Thursday, April 25, 2013

Classics Challenge (#3)

Merricat Blackwood lives on the family estate with her sister Constance and her uncle Julian. Not long ago there were seven Blackwoods—until a fatal dose of arsenic found its way into the sugar bowl one terrible night. Acquitted of the murders, Constance has returned home, where Merricat protects her from the curiousity and hostility of the villagers. Their days pass in happy isolation until cousin Charles appears. Only Merricat can see the danger, and she must act swiftly to keep Constance from his grasp.

First published in 1962

(info grabbed from GoodReads)

This was one of the books on my Classics Challenge list that I was super excited to read.  We Have Always Lived in the Castle is as a beautiful, albeit slightly disturbing, example of American gothic literature, with Merricat a shining example of an unreliable narrator.  As many others have pointed out, the opening to the book speaks much louder than what is simply on the page.
My name is Mary Katherine Blackwood. I am eighteen years old, and I live with my sister Constance. I have often thought that with any luck at all, I could have been born a werewolf, because the two middle fingers on both my hands are the same length, but I have had to be content with what I had. I dislike washing myself, and dogs, and noise. I like my sister Constance, and Richard Plantagenet, and Amanita phalloides, the death-cup mushroom. Everyone else in our family is dead.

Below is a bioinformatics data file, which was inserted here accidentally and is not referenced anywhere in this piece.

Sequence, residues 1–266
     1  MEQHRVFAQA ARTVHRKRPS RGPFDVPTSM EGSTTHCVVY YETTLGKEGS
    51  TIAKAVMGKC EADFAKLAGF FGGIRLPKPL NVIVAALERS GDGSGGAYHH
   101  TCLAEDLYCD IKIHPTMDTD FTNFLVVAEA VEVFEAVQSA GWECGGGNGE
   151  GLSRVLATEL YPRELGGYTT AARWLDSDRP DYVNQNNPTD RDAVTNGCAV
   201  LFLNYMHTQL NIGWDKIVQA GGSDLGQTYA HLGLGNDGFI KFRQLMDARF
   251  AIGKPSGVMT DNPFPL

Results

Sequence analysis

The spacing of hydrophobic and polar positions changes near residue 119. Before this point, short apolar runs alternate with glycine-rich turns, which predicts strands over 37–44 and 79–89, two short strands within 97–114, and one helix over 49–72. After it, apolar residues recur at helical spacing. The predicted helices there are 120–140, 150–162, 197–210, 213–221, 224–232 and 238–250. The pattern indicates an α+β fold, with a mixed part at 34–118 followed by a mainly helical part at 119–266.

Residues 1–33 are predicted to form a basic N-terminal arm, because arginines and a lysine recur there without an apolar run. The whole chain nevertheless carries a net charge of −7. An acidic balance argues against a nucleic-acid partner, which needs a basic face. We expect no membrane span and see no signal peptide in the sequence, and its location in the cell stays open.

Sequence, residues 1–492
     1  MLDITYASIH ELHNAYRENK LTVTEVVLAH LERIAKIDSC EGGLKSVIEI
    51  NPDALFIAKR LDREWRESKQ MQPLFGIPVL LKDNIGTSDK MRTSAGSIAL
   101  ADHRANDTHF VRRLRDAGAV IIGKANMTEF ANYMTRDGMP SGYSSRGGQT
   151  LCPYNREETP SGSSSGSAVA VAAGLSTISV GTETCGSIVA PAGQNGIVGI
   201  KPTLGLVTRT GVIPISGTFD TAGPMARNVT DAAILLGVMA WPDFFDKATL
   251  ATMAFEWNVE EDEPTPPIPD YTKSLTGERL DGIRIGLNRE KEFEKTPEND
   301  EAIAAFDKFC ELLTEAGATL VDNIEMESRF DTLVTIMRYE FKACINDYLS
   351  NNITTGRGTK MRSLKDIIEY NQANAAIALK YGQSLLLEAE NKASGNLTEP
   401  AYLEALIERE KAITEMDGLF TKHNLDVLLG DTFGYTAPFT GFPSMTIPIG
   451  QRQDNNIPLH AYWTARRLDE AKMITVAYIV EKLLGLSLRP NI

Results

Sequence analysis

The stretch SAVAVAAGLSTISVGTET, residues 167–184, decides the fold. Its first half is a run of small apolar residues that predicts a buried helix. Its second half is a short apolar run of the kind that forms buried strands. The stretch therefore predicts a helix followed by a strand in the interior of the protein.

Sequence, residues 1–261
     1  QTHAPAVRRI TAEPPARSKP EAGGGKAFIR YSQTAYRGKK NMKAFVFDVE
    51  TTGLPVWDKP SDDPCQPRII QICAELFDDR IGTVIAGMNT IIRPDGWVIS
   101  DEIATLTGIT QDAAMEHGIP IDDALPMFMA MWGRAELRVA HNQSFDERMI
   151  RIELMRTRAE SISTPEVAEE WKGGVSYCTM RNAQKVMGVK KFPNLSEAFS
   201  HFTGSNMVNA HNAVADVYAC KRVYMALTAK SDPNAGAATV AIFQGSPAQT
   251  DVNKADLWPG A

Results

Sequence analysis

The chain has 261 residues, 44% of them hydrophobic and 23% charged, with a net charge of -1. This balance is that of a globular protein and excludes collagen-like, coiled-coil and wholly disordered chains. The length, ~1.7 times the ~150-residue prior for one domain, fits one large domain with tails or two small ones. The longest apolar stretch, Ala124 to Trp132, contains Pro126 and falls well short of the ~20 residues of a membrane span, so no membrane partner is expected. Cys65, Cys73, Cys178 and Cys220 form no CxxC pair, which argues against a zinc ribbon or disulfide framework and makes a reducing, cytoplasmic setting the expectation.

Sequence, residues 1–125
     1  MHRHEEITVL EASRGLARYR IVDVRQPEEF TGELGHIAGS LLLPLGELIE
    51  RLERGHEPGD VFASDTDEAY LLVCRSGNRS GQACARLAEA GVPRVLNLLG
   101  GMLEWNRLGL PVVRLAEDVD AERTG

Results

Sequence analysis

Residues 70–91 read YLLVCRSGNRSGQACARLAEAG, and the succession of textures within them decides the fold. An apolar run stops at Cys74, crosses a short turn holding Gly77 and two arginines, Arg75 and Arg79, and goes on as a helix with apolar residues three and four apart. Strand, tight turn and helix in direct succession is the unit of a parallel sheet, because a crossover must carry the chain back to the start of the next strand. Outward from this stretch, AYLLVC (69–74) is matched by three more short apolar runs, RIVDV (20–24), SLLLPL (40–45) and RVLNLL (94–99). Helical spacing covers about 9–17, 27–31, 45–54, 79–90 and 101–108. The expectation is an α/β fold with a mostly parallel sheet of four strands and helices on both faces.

Right off the bat, we get a sense of the off-kilter way Merricat thinks, and it doesn’t slip for a moment in the book.  While reading, you get this odd nonsensical feeling and a clarity of what is her sanity.  What makes this book such a gem is that we do see the world from her eyes whereas that would be completely lost if the novel was written in third person.

The reason We Have Always Lived in the Castle is a great book for aspiring Young Adult writers to read is because it has an exemplary use of the unreliable narrator.  The unreliable narrator is extremely common in young adult literature today -- anytime a book is in first person, this is used as the reader is limited to what the narrator is seeing/doing/thinking.  In Young Adult, the focus tends to be on relating to characters, which is why first person is ideal as it is easier to grow empathetic and relate when you are reading through their eyes.

Final Thought: “I-could-have-been-a-werewolf” out of 5 toadstools


  1. I've never heard of this book, but it sounds awesome!

    1. It is! I tried not to gush about Shirley Jackson as a writer but... she is brilliant. The end.